Welcome to GastroTown: Gulfport gets D.C. chef with Boca Bay Grille

The new Boca Bay Grille will bring Persian influence to Gulfport's food scene.

click to enlarge NEW CHEF ON THE BLOCK: Sebastian Oveysi, formerly of Amoo's in D.C. - Ethan Sahlin
Ethan Sahlin
NEW CHEF ON THE BLOCK: Sebastian Oveysi, formerly of Amoo's in D.C.


Gulfport, a place known for an eclectic mix of artists and fishermen, a passion for wild ducks and a mayor who’s also the local bartender, can add one more thing to its not-your-father’s-small-town vibe: food. Hello, GastroTown!

Perhaps that’s not news to locals and fans of the ‘port, but Boca Bay Grille, the newest addition to the neighborhood’s cadre of restaurants, is. Joining haunts like O’Maddy’s Bar & Grille, Backfin Blue Cafe and Stella’s that carve out slices of the neighborhood’s foodie pie, the 180-seat eatery plans to open mid-August at 2834 Beach Blvd. S., and marks an evolution in Gulfport’s gastronomic history.

Alamos Investments owns Boca Bay’s building, formerly one of the last vacant spaces downtown, shuttered since the ill-fated La Fogata closed in 2011. When someone told the partners about Persian-American chef Sebastian Oveysi, they headed to his old stomping grounds, decided “Gulfport needs this” and made it so, luring Oveysi away from his family restaurant Amoo’s in Washington, D.C.

Known as Seb for short, Oveysi, who grew up in a warm kitchen filled with the spices of his homeland and was recently named one of five D.C.-area chefs to watch for by Washington Magazine, returned home to D.C. after working as a chef in Miami. The Boca Bay Grille executive chef transformed Amoo’s from a carryout kabob joint to a finer Persian fusion dining spot, and is leaving the restaurant’s day-to-day operations to his family for the shores of Boca Ciega Bay.

“I’ve always wanted to open a big restaurant that was near the water,” Oveysi said over sugared grapes, shaved Parmesan and panini at the nearby Pia’s Trattoria. “It’s a dream come true for me.”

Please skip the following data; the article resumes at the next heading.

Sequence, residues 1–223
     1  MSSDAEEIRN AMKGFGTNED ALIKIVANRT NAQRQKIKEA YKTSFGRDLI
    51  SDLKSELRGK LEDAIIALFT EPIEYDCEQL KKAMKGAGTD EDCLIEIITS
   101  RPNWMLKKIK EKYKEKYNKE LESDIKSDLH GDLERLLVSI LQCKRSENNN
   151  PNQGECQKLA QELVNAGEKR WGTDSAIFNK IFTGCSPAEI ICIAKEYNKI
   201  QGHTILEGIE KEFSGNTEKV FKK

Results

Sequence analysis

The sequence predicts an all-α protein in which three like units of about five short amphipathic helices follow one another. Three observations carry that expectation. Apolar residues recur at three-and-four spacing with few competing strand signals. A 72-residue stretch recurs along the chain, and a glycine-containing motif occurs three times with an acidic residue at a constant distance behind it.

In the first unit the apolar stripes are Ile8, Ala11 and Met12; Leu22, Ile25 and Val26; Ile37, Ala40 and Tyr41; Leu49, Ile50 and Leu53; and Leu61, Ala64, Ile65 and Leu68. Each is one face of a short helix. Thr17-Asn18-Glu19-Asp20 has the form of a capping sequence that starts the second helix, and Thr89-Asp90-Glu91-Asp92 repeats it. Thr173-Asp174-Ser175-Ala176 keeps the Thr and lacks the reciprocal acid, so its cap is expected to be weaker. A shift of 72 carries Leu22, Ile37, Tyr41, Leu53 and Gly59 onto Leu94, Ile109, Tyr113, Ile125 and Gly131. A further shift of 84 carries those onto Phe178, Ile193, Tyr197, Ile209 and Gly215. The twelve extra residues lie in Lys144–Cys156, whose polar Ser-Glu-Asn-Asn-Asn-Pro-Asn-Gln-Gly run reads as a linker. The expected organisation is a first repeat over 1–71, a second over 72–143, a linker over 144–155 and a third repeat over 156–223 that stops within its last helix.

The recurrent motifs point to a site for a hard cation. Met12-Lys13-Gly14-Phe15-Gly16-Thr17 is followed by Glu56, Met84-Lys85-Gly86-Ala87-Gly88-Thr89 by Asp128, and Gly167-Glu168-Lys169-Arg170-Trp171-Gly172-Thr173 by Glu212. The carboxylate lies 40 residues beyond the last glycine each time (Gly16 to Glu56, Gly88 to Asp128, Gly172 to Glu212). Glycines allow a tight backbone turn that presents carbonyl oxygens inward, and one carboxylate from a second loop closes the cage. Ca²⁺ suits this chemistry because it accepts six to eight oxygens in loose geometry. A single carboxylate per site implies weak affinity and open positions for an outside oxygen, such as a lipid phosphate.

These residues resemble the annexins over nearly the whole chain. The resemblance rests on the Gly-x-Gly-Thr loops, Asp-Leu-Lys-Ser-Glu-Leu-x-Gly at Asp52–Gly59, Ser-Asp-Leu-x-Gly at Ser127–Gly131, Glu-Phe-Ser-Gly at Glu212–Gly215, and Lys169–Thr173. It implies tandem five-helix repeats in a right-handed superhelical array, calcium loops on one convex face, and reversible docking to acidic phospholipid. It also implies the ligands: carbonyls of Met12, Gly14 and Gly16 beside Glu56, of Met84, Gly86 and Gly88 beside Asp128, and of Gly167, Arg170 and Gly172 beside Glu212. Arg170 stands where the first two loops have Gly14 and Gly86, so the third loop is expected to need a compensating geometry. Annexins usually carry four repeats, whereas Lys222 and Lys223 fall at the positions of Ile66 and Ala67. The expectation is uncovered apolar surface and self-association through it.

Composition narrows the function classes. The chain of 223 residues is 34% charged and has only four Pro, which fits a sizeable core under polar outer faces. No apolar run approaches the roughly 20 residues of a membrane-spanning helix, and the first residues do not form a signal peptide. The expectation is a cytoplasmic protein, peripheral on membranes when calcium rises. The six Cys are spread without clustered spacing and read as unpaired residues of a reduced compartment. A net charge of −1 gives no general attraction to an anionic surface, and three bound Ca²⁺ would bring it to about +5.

Boca Bay Grille won’t be a replica of Amoo’s, Oveysi said. The menu will showcase less Persian fusion and more New American cuisine. However, expect dishes laced with the flavors of Persia. Oveysi, who also has an organic food truck in D.C., plans to offer grilled meat and an abundance of fresh vegetables, some of it on skewers.

Burgers will be available as well. Alongside the “American-style” (think almost every burger you’ve ever eaten), diners may choose the variation topped with a pomegranate-saffron hickory barbecue sauce, flavors that also show up in menu items like the watermelon wedge salad with pomegranate and goat cheese and the saffron-pomegranate sweet and sour wings.

Oveysi asked to chat with CL at Pia’s, crediting chef-owner Pia Goff with offering insight and community when he came into town. According to Oveysi, he wants Boca Bay to incorporate that same sense of fellowship.

“We’re going to be welcoming to everybody,” Oveysi said. “You’ll still get the five-star feel coming in, but it’s not going to cost an arm and a leg.”

About The Author

Cathy Salustri

Cathy's portfolio includes pieces for Visit Florida, USA Today and regional and local press. In 2016, UPF published Backroads of Paradise, her travel narrative about retracing the WPA-era Florida driving tours that was featured in The New York Times. Cathy speaks about Florida history for the Osher Lifelong Learning...
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